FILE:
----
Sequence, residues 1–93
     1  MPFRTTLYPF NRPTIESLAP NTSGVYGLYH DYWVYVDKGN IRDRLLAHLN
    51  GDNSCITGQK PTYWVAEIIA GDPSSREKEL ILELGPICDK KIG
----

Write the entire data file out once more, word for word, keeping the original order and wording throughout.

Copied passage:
Sequence, residues 1–93
     1  MPFRTTLYPF NRPTIESLAP NTSGVYGLYH DYWVYVDKGN IRDRLLAHLN
    51  GDNSCITGQK PTYWVAEIIA GDPSSREKEL ILELGPICDK KIG